The BYU conference has kept me busy and there are more articles coming all this week and next. Not much time to cover regular subjects! Time to ketchup.
The Salt Lake City Family History Library is holding a weeklong, free, United States research seminar. It will be held 22-26 August 2016 and is geared for beginning and intermediate genealogists. It will cover U.S. regions and records, techniques, strategies, methodology, FamilySearch resources, Family History Library collections, FamilySearch catalog, historical records, research wiki, and more. Seating is limited to 120 attendees, but all classes will be broadcast as webinars. Remote attendees will not be able to participate in hands-on activities nor will they receive the printed syllabus. You should register whether you are attending in person or online.
To learn more and to register, visit https://familysearch.org/wiki/en/United_States_Research_Seminar.
Ancestry.com has filed their SEC quarterly report. I would have liked to have read it and given you the highlights, but didn’t have the time. You can read a copy on the Ancestry corporate website.
FamilySearch has issued their “What’s New” for the month of July 2016.
- The Memories Gallery now sports a list view. I’ll say a little more about it on Thursday.
- The Family Tree person page memories tab has a separate button for attaching a memory from the Gallery.
- Once a memory is attached to a person, the person’s name will appear on the memory page as it appears in the Tree. Long ago I complained that persons in memories and persons in the Tree had separate names. You had to enter the name twice. This seems to be one step to unify the two name spaces.
- In Memories, the closely related persons view is now the default and can be sorted by first or last name.
You can read the entire article on the FamilySearch blog.
Ancestry has announced that they will hold an Ancestry Day on 23-24 September 2016 in Tacoma. On Saturday presentations will be made by experts from Ancestry. The cost is $35 plus extra if you wish to purchase a box lunch. Friday presentations will be made by experts from the Washington State Archives, Washington State Library, Legacy Washington, and the Washington State Historical Society. The cost is $15 and seating is limited to 225 people. For more information and to register, visit the event registration page.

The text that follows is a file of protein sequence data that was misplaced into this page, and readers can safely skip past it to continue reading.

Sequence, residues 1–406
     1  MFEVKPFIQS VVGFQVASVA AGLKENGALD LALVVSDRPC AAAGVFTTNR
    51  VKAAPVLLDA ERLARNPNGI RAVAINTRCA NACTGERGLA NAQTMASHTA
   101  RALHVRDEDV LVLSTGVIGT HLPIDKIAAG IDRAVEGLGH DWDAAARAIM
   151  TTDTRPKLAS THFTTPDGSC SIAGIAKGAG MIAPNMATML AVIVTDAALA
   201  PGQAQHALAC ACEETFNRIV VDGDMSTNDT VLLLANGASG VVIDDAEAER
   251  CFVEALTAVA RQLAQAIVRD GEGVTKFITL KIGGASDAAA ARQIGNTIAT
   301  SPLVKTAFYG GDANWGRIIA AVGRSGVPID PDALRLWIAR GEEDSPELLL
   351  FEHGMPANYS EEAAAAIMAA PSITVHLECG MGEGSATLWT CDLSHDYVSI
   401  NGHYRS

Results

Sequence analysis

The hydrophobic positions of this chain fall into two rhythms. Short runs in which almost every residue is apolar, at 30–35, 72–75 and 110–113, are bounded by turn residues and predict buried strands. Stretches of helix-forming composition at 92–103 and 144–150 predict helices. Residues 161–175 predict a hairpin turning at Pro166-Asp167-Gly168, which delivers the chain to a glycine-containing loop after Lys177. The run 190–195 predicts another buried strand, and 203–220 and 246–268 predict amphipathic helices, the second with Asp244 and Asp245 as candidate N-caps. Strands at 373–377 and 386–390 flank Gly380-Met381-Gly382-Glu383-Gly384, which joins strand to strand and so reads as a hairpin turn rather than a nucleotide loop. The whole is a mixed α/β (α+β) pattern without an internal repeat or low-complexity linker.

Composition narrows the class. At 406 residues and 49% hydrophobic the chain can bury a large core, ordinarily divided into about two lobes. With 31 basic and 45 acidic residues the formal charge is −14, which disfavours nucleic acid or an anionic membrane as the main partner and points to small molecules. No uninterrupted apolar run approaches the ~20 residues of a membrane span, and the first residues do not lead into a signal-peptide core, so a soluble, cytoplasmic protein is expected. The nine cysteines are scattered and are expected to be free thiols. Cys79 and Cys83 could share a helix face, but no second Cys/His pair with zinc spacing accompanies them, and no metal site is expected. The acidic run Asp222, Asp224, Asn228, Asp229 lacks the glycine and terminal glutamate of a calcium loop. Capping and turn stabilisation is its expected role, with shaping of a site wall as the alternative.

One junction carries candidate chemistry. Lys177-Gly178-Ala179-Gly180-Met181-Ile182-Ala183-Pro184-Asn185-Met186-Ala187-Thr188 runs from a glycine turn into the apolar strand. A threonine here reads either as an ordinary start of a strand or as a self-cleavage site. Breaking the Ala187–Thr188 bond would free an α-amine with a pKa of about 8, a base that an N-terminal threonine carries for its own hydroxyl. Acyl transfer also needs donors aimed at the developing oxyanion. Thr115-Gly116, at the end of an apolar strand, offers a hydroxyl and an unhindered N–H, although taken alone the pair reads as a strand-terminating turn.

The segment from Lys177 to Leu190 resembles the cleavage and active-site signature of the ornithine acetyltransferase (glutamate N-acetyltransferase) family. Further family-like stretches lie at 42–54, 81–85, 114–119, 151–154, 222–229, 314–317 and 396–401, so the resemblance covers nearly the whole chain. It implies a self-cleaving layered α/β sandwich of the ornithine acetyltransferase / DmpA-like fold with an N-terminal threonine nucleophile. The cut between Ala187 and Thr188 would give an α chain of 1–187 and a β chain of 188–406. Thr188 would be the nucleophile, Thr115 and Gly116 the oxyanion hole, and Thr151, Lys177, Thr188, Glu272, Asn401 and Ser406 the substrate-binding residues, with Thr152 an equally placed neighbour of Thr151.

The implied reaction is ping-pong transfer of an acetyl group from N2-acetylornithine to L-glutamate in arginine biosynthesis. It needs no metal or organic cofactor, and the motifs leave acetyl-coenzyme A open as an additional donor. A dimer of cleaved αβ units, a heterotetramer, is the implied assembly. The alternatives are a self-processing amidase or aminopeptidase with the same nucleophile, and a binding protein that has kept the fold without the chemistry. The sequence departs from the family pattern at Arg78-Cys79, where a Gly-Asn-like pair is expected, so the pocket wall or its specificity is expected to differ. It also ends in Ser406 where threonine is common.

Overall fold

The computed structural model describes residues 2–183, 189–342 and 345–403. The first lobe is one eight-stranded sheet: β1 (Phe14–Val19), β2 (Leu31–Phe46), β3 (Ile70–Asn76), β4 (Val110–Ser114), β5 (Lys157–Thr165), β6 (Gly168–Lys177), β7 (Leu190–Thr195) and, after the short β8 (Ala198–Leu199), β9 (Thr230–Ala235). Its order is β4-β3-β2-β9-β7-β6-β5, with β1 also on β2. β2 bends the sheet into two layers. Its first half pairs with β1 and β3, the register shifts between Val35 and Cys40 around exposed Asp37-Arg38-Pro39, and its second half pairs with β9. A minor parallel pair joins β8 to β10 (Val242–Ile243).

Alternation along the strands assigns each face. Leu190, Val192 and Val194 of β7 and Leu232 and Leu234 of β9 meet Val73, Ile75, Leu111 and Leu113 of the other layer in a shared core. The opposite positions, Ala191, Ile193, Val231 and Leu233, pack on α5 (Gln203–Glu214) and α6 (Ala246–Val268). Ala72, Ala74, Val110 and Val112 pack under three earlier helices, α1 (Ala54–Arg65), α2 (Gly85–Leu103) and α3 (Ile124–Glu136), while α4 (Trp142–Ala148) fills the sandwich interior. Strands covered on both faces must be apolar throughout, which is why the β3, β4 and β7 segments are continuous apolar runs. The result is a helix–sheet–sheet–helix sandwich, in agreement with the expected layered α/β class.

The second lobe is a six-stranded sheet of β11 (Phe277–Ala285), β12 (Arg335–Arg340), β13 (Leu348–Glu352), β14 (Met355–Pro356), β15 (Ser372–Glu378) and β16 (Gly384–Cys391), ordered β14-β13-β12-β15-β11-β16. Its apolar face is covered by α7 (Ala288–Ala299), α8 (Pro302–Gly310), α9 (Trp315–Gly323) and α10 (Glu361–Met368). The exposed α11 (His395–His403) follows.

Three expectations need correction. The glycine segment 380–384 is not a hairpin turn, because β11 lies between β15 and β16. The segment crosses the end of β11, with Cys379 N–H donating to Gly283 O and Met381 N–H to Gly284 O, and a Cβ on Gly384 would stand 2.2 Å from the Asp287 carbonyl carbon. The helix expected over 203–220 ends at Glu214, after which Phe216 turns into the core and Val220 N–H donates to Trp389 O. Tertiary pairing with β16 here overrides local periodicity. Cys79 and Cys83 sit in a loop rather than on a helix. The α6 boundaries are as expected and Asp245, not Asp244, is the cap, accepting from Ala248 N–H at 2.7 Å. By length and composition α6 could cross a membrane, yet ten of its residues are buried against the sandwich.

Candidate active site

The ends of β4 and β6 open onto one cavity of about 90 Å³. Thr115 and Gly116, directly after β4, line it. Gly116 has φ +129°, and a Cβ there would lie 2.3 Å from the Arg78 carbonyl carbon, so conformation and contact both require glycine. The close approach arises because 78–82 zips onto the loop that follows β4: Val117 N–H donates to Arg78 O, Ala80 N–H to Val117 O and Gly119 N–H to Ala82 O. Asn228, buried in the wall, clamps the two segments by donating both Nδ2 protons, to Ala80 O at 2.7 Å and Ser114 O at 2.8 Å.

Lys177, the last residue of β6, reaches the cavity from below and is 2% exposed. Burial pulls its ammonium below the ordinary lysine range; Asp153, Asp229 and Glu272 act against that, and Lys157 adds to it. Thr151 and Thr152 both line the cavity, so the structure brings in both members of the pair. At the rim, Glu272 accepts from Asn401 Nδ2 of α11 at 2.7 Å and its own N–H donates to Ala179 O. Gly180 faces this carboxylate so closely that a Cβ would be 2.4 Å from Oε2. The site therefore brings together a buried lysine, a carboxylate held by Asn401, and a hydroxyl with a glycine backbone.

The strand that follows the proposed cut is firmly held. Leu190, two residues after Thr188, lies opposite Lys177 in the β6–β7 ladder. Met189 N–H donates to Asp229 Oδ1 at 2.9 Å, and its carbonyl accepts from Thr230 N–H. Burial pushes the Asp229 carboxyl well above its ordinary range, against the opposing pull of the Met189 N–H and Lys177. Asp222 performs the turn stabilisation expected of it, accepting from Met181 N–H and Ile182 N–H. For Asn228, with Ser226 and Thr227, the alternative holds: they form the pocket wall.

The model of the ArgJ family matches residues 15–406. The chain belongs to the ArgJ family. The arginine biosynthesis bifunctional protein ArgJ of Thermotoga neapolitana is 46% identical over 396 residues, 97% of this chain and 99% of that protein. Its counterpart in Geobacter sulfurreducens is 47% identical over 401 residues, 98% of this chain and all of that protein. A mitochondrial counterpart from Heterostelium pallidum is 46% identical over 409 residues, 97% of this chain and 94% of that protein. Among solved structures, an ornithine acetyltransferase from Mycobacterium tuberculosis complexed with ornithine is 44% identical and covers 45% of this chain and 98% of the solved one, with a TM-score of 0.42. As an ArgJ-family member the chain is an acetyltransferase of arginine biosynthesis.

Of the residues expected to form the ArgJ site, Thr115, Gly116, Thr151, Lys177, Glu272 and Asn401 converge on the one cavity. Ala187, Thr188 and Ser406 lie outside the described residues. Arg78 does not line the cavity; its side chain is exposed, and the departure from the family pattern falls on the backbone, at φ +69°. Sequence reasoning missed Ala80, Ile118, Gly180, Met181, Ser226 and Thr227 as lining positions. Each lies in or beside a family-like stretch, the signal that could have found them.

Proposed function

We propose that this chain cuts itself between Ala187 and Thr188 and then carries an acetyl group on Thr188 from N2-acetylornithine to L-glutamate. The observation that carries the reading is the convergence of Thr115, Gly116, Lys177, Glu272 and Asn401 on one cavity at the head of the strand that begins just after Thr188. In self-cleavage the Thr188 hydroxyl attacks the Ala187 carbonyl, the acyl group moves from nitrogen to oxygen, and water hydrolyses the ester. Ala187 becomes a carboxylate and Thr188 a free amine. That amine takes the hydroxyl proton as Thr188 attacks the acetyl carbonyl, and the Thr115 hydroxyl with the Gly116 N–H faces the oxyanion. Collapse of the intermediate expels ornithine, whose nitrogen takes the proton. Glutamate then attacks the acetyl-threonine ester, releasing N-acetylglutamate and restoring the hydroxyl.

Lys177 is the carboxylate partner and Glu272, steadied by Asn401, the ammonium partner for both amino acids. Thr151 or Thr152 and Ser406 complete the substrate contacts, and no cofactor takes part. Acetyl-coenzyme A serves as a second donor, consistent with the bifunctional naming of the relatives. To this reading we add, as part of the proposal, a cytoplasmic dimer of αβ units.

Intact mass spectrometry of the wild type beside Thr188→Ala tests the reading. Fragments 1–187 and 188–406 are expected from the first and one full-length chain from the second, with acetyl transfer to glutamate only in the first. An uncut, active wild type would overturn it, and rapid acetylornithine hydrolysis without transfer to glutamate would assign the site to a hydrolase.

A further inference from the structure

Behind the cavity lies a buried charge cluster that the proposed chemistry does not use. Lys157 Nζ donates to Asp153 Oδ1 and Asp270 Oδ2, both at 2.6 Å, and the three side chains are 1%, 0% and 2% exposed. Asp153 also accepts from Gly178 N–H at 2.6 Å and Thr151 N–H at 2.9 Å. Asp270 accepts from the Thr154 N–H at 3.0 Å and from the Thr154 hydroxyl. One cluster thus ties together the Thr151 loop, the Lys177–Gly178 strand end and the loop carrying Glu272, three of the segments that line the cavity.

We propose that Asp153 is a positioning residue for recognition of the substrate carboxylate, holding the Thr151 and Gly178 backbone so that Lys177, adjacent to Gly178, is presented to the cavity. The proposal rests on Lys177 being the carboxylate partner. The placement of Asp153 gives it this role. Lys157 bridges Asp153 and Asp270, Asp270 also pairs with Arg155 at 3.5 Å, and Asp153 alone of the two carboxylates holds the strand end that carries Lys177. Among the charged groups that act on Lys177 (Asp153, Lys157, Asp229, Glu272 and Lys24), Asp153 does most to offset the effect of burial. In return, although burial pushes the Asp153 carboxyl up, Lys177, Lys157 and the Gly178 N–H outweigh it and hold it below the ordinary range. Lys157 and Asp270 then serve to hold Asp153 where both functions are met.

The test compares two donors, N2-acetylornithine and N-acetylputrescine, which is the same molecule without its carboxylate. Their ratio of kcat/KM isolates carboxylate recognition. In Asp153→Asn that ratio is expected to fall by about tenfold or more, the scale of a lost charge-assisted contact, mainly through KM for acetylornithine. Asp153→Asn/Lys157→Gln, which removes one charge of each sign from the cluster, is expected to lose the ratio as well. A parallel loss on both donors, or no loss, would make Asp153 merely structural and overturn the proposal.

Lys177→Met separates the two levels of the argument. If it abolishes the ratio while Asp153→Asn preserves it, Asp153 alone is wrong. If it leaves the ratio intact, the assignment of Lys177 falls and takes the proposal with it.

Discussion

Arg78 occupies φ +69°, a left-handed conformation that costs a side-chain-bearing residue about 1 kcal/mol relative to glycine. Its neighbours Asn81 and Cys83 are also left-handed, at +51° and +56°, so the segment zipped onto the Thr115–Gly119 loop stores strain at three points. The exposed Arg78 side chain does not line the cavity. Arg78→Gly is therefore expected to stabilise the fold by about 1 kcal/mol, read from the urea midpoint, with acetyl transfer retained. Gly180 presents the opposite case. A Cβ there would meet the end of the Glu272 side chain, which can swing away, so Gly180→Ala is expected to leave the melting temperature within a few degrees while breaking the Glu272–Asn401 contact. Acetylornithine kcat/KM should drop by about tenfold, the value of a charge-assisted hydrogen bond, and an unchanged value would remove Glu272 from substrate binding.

The Digital Public Library of America (DPLA) and FamilySearch have signed an agreement to allow FamilySearch’s book collection to be discoverable via the DPLA’s website. The DPLA is like a library catalog of freely viewable online documents, books, photographs, maps, and so forth from many libraries, archives, and museums across America. They call themselves a portal rather than a catalog because they have a rich search experience that includes timeline, map, format, partner, and subject. Other partners include the New York Public Library, the National Archives, and the University of Southern California Libraries. Read the full announcement on the DPLA blog.
Ancestry tells me that a lot of work will be done on fixing RootsWeb this week. I should have a status update for you next week.
Registration is now open for RootsTech 2017 hotels. The Salt Lake Marriott Downtown at City Creek, the Salt Lake Plaza Hotel, the Hilton Salt Lake City Center, and the Radisson Hotel Salt Lake City Downtown are offering reduced rates to RootsTech conference attendees. RootsTech 2017 is 8-11 February 2017 in Salt Lake City, Utah. Learn more on the lodging page of the RootsTech website.
Ancestry recently added new U.S. naturalization papers from 26 states. Search the citizenship and naturalization category on Ancestry.com. Read a seven page naturalization research guide from Ancestry.
I received a message from email@example.com telling me to update the Google Chrome Extension for the FamilySearch Pilot Tool. You should update it if you are experiencing long wait times after submission.
Ancestry has acquiesced to requests from some users who dislike the auto-generated histories that appear at the top of the LifeStory pages. You can now disable the histories for everyone in an entire tree. Tree owners had objected to the auto-generated histories because they were sometimes inaccurate and reflected poorly on the owner. Read the announcement on the Ancestry blog.
FamilySearch announced in mid-June (yes, I am that behind in my news stories) “completion of the Freedmen’s Bureau Project, indexing the names of millions of African Americans collected directly following emancipation.” Nearly 19,000 volunteers indexed nearly 1.8 million names. Read the news release on the Newsroom page of The Church of Jesus Christ of Latter-day Saints.